This article is not a substitute for, nor does it constitute, legal advice. Only an attorney who knows the details of your particular situation can provide you with legal advice.
Avoiding Probate: A Quick Primer Part 2
In my last blog post, I gave you a brief overview of a few ways to avoid probate. Namely, living trusts and joint tenancy. This blog post continues where the last one left off by providing you with a few more ways you can avoid the probate of your assets. These include pay on death designations, life insurance, and California state exemptions.
Pay on Death Designation
Pay-on-death designations (or transfer-on-death designations) are an increasingly popular way to avoid probate, and understandably so. What a pay-on-death designation does is it allows you to choose certain property that will go to the person you designate upon your death. There are some marked advantages to using pay-on-death designations: they are easy to create, can be used to transfer many types of property, and avoid probate.
To create a pay-on-death designation, all you normally need to do is fill out a single form. Institutions such as banks or the U.S. Treasury Department can provide this form (as an example, here’s the Treasury’s Form 4000 for pay-on-death transfer of US Savings bonds: http://www.treasurydirect.gov/forms/sav4000.pdf). Once you fill it out, the designated beneficiary receives the property you named in the form- all without probate. Pretty great, right?
Many types of property can be placed in a pay-on-death account. Bank accounts are a popular way to transfer money. But why stop there? Many states allow you to transfer government securities, stocks, bonds, retirement accounts, and brokerage accounts. Some states, including California, allow you to transfer your vehicle with a pay-on-death designation. It’s often included right on your title for convenience’s sake. While pay-on-death accounts can certainly be useful for conveying lots of types of property, it’s good to check with your local attorney as state rules and bank policies vary widely.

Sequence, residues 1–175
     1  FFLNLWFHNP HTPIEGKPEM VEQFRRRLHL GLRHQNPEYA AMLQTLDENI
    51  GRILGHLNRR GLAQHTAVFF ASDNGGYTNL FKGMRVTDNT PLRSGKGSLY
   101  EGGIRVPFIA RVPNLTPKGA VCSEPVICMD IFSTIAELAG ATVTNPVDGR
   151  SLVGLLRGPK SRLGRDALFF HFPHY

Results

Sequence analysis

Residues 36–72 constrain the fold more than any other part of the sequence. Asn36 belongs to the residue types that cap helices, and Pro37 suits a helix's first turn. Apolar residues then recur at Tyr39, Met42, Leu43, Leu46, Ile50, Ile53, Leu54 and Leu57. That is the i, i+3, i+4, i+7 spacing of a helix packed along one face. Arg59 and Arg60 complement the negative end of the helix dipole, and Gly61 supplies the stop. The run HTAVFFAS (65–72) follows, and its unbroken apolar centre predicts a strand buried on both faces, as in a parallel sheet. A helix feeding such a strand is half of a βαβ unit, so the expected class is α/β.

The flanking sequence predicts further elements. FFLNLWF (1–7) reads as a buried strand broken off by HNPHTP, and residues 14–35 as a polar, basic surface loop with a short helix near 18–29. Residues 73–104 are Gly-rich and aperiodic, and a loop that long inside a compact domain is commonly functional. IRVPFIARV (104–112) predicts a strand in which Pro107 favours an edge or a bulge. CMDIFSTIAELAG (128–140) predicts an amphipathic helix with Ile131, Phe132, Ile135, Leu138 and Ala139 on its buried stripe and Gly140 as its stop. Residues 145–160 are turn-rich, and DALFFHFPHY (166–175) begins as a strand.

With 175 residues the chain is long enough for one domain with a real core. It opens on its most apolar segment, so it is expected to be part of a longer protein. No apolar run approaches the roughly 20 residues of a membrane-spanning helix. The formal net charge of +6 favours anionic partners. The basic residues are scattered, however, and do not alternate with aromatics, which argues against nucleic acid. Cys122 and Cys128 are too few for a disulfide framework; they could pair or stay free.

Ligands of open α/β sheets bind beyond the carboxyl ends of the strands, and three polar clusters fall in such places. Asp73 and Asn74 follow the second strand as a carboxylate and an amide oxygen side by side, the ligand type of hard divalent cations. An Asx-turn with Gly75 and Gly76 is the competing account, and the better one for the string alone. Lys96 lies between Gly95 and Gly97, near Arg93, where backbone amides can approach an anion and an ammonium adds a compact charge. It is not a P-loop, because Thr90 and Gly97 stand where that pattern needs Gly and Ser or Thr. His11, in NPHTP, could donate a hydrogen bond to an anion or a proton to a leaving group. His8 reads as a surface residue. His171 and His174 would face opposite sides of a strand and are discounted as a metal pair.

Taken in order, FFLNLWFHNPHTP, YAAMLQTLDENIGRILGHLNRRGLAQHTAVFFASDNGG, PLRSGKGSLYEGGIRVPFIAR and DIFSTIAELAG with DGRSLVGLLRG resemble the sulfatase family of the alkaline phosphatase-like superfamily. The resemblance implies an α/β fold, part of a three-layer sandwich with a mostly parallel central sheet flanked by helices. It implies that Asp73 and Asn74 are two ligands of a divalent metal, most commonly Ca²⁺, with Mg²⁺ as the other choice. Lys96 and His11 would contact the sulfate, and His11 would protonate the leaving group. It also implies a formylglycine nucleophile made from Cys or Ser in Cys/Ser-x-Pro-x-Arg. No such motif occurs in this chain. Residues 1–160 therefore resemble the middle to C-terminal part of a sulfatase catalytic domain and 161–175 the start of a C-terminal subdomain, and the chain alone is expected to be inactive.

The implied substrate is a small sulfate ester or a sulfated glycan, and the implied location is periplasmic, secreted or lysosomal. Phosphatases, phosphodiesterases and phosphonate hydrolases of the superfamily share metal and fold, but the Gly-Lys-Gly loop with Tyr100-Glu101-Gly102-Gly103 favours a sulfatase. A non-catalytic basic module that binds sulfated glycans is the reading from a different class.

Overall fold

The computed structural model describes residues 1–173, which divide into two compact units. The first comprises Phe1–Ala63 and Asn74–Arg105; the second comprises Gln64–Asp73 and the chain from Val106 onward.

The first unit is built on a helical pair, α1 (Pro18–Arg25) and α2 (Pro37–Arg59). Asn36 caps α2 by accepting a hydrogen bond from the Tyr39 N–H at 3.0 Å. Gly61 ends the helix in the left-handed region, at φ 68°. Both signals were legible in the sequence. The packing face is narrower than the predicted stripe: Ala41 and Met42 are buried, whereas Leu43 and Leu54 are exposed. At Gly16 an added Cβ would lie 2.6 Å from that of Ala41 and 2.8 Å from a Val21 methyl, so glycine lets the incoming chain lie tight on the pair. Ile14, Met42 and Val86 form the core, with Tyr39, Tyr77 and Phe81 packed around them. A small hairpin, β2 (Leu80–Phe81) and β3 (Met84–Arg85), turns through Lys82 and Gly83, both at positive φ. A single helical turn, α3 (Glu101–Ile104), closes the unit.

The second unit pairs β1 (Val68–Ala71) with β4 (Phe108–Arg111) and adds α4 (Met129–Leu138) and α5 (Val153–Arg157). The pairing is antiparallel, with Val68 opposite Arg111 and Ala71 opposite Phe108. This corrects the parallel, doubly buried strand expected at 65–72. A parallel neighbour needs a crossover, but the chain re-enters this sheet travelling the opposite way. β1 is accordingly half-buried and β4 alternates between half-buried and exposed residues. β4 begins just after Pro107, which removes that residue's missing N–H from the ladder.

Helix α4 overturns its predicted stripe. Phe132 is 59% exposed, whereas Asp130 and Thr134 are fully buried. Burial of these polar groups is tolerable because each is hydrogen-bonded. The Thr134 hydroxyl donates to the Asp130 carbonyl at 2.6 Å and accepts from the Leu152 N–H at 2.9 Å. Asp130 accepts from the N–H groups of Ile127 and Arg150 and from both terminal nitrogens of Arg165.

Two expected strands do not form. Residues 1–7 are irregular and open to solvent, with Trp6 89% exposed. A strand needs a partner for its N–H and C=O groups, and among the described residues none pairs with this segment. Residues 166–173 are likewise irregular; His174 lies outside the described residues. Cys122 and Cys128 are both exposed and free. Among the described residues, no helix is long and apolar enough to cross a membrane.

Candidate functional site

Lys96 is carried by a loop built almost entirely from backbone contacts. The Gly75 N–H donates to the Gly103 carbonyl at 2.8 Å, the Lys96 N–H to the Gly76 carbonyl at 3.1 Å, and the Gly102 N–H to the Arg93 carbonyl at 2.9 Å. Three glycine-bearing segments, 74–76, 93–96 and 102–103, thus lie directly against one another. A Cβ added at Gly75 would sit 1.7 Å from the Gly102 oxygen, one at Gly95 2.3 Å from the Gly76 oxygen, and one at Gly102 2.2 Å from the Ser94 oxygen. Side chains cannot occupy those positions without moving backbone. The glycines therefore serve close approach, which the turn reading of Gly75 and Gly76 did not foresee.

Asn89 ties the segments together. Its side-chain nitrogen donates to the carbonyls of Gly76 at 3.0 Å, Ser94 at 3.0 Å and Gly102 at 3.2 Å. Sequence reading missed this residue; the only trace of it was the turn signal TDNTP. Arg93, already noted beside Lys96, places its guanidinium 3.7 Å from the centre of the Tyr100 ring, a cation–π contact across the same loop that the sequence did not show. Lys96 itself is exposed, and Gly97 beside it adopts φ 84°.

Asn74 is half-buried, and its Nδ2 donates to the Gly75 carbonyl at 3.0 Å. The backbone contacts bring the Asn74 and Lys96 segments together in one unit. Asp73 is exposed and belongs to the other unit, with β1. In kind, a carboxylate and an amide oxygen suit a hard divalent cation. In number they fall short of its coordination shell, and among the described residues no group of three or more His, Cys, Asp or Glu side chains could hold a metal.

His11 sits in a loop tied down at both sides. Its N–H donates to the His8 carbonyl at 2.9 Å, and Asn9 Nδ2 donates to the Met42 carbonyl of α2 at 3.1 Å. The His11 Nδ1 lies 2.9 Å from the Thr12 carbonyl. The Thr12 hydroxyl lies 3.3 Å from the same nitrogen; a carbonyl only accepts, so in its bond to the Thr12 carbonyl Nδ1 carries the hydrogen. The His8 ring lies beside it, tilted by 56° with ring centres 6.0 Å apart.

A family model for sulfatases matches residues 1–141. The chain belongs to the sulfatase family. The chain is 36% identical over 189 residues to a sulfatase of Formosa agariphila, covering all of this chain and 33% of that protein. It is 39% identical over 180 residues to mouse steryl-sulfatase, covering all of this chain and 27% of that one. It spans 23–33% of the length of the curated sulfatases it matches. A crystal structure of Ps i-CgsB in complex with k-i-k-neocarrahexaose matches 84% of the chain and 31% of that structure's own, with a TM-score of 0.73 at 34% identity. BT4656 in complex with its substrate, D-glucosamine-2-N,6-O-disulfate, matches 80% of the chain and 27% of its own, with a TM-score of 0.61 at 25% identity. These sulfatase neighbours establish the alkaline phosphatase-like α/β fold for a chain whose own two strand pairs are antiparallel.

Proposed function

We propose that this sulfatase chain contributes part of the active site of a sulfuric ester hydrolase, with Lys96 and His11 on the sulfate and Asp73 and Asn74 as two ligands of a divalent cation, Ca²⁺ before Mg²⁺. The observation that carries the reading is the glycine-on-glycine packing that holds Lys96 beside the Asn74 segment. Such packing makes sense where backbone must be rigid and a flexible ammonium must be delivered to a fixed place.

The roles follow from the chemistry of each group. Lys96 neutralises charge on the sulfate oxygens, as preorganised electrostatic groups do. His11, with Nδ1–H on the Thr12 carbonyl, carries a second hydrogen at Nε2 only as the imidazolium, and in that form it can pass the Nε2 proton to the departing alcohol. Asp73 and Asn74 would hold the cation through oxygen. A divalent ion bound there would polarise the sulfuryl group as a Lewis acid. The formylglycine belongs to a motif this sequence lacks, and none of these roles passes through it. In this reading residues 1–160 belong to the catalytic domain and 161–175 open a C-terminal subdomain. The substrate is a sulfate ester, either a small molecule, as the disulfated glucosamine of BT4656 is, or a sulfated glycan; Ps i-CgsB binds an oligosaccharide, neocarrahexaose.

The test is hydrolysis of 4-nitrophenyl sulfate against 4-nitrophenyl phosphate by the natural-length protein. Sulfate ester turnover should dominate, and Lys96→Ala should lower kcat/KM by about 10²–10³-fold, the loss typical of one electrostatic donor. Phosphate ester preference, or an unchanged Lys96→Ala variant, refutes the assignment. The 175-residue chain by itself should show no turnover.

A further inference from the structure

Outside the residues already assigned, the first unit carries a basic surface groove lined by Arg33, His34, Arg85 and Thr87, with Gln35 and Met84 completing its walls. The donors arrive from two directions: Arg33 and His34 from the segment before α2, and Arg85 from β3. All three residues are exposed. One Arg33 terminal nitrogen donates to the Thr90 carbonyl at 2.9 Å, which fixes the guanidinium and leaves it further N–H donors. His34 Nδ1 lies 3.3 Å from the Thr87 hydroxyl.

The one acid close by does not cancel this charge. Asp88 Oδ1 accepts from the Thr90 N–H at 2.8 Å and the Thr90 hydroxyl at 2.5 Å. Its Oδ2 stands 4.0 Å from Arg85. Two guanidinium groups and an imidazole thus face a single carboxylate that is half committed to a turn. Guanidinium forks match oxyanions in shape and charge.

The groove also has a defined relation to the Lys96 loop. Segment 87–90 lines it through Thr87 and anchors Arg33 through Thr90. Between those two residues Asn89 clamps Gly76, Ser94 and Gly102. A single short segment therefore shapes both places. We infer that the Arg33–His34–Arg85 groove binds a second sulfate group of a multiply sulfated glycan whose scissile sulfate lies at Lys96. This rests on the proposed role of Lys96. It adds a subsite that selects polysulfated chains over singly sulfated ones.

It seems to me that life insurance has gotten a bad rap, largely due to a combination of overzealous insurance agents selling people policies that don’t fit their needs and people not understanding the benefits that life insurance can provide. Let’s try to start with a fresh mindset. Given your situation, life insurance could be a great way for you to avoid probate, get an estate tax reduction, and give your loved ones a tidy sum at a time when they might need it most. I will leave all of the nitty-gritty details of policy types and terms to the insurance professionals. What you’ll find here is a brief overview of when life insurance could be a good fit for you.
If your estate will owe substantial debts and taxes after your death, if your beneficiaries will need immediate cash once you are gone to pay for funeral expenses and income taxes, or if you own a small business and want to make sure that business continues without interruption once you are gone, then you should consider getting life insurance. Why? The answer to these questions is all the same: because the proceeds from a life insurance policy can be transferred quickly without much legwork.
Choosing a life insurance policy is tricky. My best advice is that you should choose an agent and company you trust and you should do plenty of research. Compare policies and prices online. If you ever feel pressured into a particular plan, your agent is unwilling to explain the details to you, or something just plain doesn’t feel right- walk away. It’s your money and your life- make sure you are comfortable with any major changes in your estate plan before you make them.
California State Exemptions
As I am a California-licensed attorney, I figured I should include the California probate exemptions here. In brief, California allows you to file an affidavit for $100,000 of personal property of the estate and a special affidavit for real estate worth less than $20,000. You also can choose the “simplified probate” procedure, where the surviving spouse gets what he/she would be entitled under a community property petition. Every state has different exemptions for probate. Check with your local attorney to sort out the details.
Hopefully this blog post has been helpful. If there are any topics you would like me to address, just let me know and I will do my best to address them in a future blog post.
The entirety of this article is copyrighted by Grant A. Toeppen, Esq., © 2012. Please send an email to Grant@ToeppenLaw.com if you would like to use this article in part or in its entirety.